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Gasoline prices and your vacation

  • 2000 6 Jun
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Gasoline prices and your vacation
Reprinted with permission from No-Debt Living Newsletter. Written by Robert Frank, the editor of No-Debt Living Newsletter which provides financial and time-management news with a Christian perspective.

Whatever part of the nation you live in, plan on packing extra cash for transportation costs when you leave on vacation -- regardless of whether you travel by car or air.

Gasoline prices are at recent record highs nationwide, the Midwest is experiencing shortages, and airlines have jacked their prices two times this year with a third hike anticipated. Travel agents say tickets with major airlines are running about $50 more per ticket than normal.

Anticipating transportation costs is just one of the steps in planning your vacation. Overall, you need to determine how much you can afford to spend on your vacation, then establish a budget or plan, and stay within that amount. Don't come back from vacation buried under a stack of bills. (For strategies, see related vacation stories at No-Debt Living.)

If you're planning on driving through or to some parts of the the midwest -- especially the Detroit, Chicago and Milwaukee region -- you'd better have a plan. A June 8-16 oil-line rupture shut off the gasoline spicket there for eight days and now operates at about 80% capacity, causing gasoline shortages and prices over $2 a gallon.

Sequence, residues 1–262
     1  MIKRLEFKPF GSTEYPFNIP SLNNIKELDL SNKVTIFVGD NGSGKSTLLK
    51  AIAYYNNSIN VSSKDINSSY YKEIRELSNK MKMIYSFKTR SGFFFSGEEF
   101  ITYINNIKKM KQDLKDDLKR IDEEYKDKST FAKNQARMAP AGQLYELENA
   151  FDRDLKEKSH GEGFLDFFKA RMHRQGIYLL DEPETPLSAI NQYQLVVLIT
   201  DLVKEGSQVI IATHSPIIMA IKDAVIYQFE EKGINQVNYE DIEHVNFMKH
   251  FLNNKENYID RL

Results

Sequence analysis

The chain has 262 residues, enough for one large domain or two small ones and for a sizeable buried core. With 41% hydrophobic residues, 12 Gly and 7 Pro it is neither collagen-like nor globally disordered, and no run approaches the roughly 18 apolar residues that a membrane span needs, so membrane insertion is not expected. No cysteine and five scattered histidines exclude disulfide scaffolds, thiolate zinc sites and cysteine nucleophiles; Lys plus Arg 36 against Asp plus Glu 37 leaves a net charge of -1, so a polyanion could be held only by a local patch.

Nationwide, gasoline price relief appears to be on the distant horizon as OPEC hinted on June 16 that it would increase its production at the start of the third quarter. But price decreases at the gas pump aren't expected to trickle down for months.

Based on national fuel surveys,here's what that means. If you plan on driving 1,000 miles during your vacation, fuel will cost between $84 (at $1.67 per gallon) and $100 (at $2 per gallon), assuming you get 20 mile per gallon in your car. The American Automobile Association says the average family of four should plan on paying about 11 cents a mile for transportation.

No-Debt Living Newsletter has been monitoring the gasoline situation via numerous news agencies. Most
industry experts agree that it will probably be two more months before motorists will see a drop in gas prices. In the meantime, further price increases are possible.

Not everyone is feeling the same bite, though. The average price nationwide is currently $1.67 per gallon, while folks in Phoenix enjoying fuel at just $1.39.

The primary cause for the shortage in the Midwest was a ruptured Wolverine Pipeline Co. line located about half way between Chicago and Detroit. The problems occurred on June 8 to a 16-inch pipe, which formerly transported about 126,000 gallons of oil per hour. Emergency crews returned the pipeline to about 80% capacity on June 16. Ron Embry, Wolverine spokesman, told the Detroit News that the pipeline will not be at 100% until the company can determine why it burst, which could take months.

Shortages in that region will probably continue until the pipeline is returned to its former capacity.

Last year on June 11, the average weighted price was just $1.19. At first glance, it would seem that today's prices are the highest on record, but they actually are lower than gas prices were at their peak in 1981. If adjusted for inflation, the average price of gas in March 1981 would be $2.66.

The situation for airlines is similar, with jet fuel prices leaping. So far this year, the major airlines have imposed three widespread fare increases, starting with a $20 fuel surcharge in January and, most recently, a May hike of up to $30 per round trip.

In short, plan on spending more for transportation and stay within your budget... You do have a budget, don't you?

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